Whenever someone mentions Greek cuisine, most people immediately think of gyros. On the other hand, I discovered that there is a tremendous amount of variation in Greek cuisine. The bulk of the Greek recipes I sampled were straightforward and made use of ingredients that were available at that time of year, but they were all well prepared.
The Greek cuisine is characterized by an abundance of fish, meats roasted over charcoal, cheese, fresh vegetables, olive oil, and savory pastries. In point of fact, the food in Greece is often regarded as being among the healthiest in the whole globe.
- 1 After spending nearly a month eating my way through Greece, I present to you the best Greek dishes:
- 2 Which Greek food looked the best to you? Are you a fan of Greek food? Let me know in the comments section below!
- 3 FAQs
After spending nearly a month eating my way through Greece, I present to you the best Greek dishes:
While I’m not much of a coffee drinker myself, the Greeks seem to be obsessed with the beverage. You may find a coffee shop packed with residents at any hour of the day and on almost every corner of the city. Albania is the only other country that comes to mind that has a culture that is even somewhat equivalent to the coffee culture.
Don’t tell a Greek person that Turkish coffee is similar to Greek coffee since it did remind me very much of the Turkish coffee I had in Istanbul when I was on a walking food tour there. They take their coffee extremely seriously, which is appropriate given that the Greeks were the ones who first devised the frappe.
The majority of you should already be acquainted with this meal due to its ease of preparation. The ubiquitous and much-loved souvlaki is Greece’s national fast food and can be found almost everywhere.
You have the option of getting your souvlaki skewered or in the gyro variant, which is the one most common in the United States, where I was born and raised.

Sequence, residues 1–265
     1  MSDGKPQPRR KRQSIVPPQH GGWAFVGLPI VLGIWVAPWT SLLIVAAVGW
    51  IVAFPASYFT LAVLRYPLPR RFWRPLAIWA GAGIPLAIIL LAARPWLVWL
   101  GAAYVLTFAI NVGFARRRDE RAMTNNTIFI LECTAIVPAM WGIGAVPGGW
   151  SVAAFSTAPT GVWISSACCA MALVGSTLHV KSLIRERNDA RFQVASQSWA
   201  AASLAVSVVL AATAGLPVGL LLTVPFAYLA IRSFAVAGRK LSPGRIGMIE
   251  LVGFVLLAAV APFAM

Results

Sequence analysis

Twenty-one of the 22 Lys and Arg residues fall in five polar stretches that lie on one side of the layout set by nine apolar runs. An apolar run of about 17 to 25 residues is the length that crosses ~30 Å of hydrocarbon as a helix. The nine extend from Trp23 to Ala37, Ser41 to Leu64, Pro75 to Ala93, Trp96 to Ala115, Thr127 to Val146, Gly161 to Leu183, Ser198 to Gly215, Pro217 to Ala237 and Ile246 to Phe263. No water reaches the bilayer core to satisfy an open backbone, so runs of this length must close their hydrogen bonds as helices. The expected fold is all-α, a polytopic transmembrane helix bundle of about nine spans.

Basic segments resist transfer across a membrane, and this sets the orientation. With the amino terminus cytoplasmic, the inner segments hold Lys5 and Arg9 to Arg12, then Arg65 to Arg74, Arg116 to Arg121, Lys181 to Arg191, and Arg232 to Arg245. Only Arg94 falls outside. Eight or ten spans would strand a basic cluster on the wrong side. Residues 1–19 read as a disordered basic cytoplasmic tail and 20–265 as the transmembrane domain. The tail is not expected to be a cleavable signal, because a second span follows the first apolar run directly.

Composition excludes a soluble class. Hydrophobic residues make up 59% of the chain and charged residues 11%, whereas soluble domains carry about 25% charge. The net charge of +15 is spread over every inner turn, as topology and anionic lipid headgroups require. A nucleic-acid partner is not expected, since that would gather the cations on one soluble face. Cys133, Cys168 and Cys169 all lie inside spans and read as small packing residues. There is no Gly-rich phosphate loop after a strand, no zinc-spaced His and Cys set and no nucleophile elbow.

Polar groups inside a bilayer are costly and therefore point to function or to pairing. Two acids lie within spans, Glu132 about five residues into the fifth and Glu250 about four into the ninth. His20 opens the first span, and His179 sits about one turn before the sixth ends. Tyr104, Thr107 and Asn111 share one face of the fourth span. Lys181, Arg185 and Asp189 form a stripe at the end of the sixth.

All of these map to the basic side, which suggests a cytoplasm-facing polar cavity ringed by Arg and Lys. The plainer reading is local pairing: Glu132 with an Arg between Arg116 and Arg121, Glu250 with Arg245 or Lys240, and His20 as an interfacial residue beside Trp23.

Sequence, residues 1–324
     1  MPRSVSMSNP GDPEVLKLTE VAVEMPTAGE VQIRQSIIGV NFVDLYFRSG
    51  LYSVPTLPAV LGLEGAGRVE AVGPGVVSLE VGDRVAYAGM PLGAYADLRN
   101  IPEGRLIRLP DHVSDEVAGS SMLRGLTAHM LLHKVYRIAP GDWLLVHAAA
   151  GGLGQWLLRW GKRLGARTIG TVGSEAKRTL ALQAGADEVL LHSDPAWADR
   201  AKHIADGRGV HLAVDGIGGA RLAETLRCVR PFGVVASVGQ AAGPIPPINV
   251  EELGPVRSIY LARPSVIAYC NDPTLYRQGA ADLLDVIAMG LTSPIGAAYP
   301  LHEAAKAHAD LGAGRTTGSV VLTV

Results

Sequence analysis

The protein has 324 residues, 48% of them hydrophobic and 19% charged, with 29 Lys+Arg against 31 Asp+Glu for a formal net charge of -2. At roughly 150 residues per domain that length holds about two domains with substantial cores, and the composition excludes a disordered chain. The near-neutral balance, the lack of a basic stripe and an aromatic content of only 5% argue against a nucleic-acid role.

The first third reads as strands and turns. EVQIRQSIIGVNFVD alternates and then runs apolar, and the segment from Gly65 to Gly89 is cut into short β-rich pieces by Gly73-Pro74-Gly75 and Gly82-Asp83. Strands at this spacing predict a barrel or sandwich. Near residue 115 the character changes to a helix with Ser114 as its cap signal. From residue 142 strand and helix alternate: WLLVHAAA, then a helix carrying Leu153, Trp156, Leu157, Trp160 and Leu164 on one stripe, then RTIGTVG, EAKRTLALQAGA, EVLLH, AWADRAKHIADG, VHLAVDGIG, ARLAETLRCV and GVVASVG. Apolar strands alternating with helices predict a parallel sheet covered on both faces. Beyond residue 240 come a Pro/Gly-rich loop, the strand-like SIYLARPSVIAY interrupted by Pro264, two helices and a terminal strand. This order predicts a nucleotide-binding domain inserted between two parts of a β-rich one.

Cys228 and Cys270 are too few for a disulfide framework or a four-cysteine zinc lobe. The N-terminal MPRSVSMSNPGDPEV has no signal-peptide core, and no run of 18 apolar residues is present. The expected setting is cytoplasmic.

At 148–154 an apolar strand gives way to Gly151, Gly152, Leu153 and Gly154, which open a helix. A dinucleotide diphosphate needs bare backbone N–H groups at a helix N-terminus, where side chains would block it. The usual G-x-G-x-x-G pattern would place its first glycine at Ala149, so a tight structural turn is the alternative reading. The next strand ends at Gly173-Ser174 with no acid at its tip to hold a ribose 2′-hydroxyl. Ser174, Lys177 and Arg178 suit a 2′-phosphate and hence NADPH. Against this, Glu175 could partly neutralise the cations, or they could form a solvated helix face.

The pita bread may be loaded with any grilled meat of your choosing (pork is my personal favorite), onion, tomato, and frequently some kind of sauce, most commonly tzatziki, which is made of yogurt and cucumber. Fries may also be included inside a souvlaki in rare cases.
Even though I’m not accustomed to having the fries on it, I can’t say that I was upset about it. Also, make sure you ask for additional tzatziki because even though it’s messy, it’s well worth it!
Full disclosure- I didn’t really care much for koulouri. Nevertheless, I thought it would be remiss of me not to add it given how widespread its usage is.
Koulouri is traditionally consumed as a portable breakfast food in Greece. I had the impression that it was similar to a sesame-covered pretzel, but it was much drier. Give one of these traditional regional dishes a try for yourself!
Fennel pie (marathopites)
The delicious fennel pie that can be found on the island of Syros, which is part of the Greek archipelago, is well known.
These straightforward pies get their robust flavor from the use of onion and fennel, two aromatic vegetables, in a buttery crust that has been cooked to golden brown perfection. Be on the lookout for these things when you travel to the island, since you won’t want to miss them!
Tiropita (Greek cheese pie)
Tiropita, often known as Greek cheese pie, is a kind of pie that is available almost everywhere in the United States.
This savory pie is made with phyllo dough and drizzled with either olive oil or butter. Inside, there are a variety of cheeses wrapped in phyllo dough. Even if it’s not really a light snack, it certainly is a tasty one!
Anyone who followed me on social media when I was in Greece is aware of my infatuation with fava, which is a traditional Greek bean dish.
My friends teased me that they thought I was turning into a fava connoisseur since I insisted on having fava as one of the appetizers for virtually every dinner.
The meal known as fava consists of a puree of split peas that has been doused in olive oil, given a significant amount of lemon juice, and then topped with capers and onions. That’s all; it really is that easy, but it packs a lot of flavor. If you spread it over some fresh bread, you’ll have the ideal snack or appetizer on hand.
I would liken the flavor of fava to that of hummus, although I think I would prefer the flavor of fava. During your stay in Greece, you absolutely cannot leave without having this meal at least once.
Tirokafteri- Greek spicy cheese dip
This spicy cheese dip is my second favorite Greek dip. I saw it on numerous different menus before deciding to give it a try, and I’m glad I did.
I don’t know why I waited as long as I did since it’s incredible!
A spread that is excellent for crusty bread is produced by combining feta cheese and yogurt with hot peppers in the appropriate proportions. This quickly became another one of our group’s favorites!
Lemon chicken & potatoes
When done properly, this is yet another example of a classic Greek meal that, despite its apparent lack of complexity, provides a sense of utter satiety when consumed.